December 16, 2018

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Opinion

Artist uses an array of handmade wallpapers to subtle, refined effect... or whatever the opposite of that would be

Hey there, time traveller!
This article was published 27/6/2013 (1998 days ago), so information in it may no longer be current.

I've always said, it's amazing how a little wallpaper -- a tasteful accent wall, say, or an elegant border -- can transform a room's entire look and feel. (I have never in my life actually said this, FYI). In the case of Hotline, Montreal-based printmaker Dominique P©trin's current exhibition at Martha Street Studio, that transformation is certainly... pronounced. Plastering every available inch of wall and floor space with a literally dizzying assortment of retina-searing silk-screened patterns and poppy, cut-and-paste graphics, the gallery becomes something like the imagined interior of a teenager's smartphone.

The broad outlines of P©trin's approach will be familiar to those who remember last summer's exhibition at the Maison des Artistes by Seripop, a collaborative duo who similarly use reams upon reams of brightly coloured screen prints to transform the gallery environment. (Both P©trin and the members of Seripop also played in noted, noisy, now-defunct Montreal rock bands, the former in Les Georges Leningrad, the latter in AIDS Wolf.) But where Seripop crumple and sculpt their prints into entropic sculptural installations layered with references to modernist architecture and political philosophy, P©trin is in every sense and almost exclusively interested in surface. And parrots. And a lecherous cheeseburger.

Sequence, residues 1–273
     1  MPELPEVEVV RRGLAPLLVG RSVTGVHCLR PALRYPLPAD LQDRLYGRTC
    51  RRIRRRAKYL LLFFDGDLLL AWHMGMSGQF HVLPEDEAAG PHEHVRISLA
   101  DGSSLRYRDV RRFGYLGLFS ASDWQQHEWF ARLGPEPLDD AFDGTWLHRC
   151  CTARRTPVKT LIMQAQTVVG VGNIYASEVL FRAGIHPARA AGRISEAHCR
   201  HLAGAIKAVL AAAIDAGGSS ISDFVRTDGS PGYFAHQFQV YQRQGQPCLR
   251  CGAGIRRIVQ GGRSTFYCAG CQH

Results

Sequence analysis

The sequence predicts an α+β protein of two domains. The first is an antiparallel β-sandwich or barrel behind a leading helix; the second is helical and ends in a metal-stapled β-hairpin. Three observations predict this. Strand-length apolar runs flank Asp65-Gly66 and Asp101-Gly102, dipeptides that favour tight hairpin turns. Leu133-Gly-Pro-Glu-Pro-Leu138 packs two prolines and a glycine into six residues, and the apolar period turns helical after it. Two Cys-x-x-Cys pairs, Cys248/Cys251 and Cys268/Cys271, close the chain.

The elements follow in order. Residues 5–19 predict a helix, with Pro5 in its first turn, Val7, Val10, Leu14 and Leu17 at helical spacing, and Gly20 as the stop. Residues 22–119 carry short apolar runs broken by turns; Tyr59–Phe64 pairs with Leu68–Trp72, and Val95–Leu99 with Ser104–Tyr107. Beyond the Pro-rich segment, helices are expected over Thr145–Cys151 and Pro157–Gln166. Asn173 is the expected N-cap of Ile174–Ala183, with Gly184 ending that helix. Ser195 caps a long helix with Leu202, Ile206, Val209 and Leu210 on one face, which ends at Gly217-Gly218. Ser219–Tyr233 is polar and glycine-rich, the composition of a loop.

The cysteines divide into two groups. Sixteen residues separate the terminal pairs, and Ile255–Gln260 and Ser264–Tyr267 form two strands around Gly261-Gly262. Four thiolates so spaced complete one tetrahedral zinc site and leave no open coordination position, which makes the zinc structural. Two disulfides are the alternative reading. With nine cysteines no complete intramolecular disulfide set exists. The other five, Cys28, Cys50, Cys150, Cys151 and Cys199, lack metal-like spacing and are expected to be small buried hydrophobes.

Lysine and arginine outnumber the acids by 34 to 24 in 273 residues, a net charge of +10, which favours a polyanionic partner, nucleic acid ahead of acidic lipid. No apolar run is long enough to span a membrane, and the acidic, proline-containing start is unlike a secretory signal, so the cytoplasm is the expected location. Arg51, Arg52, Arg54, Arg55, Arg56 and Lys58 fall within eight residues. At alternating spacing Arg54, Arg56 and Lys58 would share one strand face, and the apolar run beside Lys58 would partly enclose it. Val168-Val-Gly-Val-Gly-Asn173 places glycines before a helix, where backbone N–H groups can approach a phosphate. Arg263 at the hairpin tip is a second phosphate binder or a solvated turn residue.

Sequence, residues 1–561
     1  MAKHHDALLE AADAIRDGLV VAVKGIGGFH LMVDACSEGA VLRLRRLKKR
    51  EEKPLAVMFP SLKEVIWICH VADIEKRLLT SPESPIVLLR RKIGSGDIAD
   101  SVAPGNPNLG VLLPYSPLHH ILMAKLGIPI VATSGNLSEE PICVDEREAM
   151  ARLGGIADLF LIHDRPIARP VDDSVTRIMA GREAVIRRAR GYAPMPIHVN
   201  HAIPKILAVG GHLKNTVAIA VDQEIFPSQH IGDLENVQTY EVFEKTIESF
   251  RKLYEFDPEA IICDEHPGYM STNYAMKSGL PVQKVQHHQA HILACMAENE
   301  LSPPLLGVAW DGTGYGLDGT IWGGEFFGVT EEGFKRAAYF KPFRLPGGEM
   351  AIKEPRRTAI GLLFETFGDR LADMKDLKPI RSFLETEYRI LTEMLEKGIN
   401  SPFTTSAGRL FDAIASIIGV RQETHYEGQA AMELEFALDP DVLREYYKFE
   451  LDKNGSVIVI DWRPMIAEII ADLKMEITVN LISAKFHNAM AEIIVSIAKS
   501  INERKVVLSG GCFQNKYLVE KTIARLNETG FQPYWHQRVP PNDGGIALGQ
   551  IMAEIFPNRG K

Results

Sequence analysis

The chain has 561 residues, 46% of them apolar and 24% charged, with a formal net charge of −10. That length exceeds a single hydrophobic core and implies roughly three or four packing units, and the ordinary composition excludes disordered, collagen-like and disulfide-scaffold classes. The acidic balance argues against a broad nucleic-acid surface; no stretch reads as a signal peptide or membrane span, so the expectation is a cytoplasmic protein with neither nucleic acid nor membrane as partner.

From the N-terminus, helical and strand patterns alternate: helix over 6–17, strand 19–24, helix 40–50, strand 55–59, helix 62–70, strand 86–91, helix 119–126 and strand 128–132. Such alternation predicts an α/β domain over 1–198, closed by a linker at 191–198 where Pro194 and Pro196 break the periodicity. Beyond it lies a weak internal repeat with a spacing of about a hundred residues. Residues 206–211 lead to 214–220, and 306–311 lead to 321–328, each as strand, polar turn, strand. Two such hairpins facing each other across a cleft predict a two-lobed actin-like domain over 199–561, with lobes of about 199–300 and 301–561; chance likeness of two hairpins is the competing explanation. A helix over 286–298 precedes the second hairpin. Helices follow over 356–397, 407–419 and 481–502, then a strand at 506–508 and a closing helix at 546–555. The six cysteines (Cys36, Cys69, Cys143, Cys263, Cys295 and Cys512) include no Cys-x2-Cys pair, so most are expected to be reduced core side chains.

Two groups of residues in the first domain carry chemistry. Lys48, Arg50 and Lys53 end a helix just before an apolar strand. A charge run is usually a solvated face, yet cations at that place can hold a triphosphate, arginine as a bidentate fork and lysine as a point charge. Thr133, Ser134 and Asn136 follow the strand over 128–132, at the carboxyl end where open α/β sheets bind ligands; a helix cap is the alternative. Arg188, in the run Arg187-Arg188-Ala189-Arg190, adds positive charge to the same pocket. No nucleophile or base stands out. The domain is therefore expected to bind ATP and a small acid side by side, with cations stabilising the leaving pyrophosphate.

One experiences Hotline first and foremost as a visual assault. Interpretation comes later, if at all. Tightly spaced black and white stripes cover the entire floor, with an effect so destabilizing that it might make some viewers actually, physically ill (given that P©trin currently studies cognitive science at the Universit© de Montr©al, it's probably safe to assume this was anticipated and intended). The walls are only marginally less woozy-making, splashed over with rainbow stripes and doorways, stylized brickwork, checkerboards, mandalas, Greek key motifs, choppy, freeform brushstrokes, marble textures, herringbone and other textile patterns, all in the loudest colour palette imaginable.

Assorted characters and figures crop up here and there, among them palm trees, tropical birds, an ornamental soup terrine, Emoji smiley-faces and aliens, and the aforementioned cheeseburger, who crudely comes on to a cartoon octopus via iPhone text bubble. (The octopus replies in consent, "but no ruff stuff k?").

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Hey there, time traveller!
This article was published 27/6/2013 (1998 days ago), so information in it may no longer be current.

I've always said, it's amazing how a little wallpaper — a tasteful accent wall, say, or an elegant border — can transform a room's entire look and feel. (I have never in my life actually said this, FYI). In the case of Hotline, Montreal-based printmaker Dominique P©trin's current exhibition at Martha Street Studio, that transformation is certainly... pronounced. Plastering every available inch of wall and floor space with a literally dizzying assortment of retina-searing silk-screened patterns and poppy, cut-and-paste graphics, the gallery becomes something like the imagined interior of a teenager's smartphone.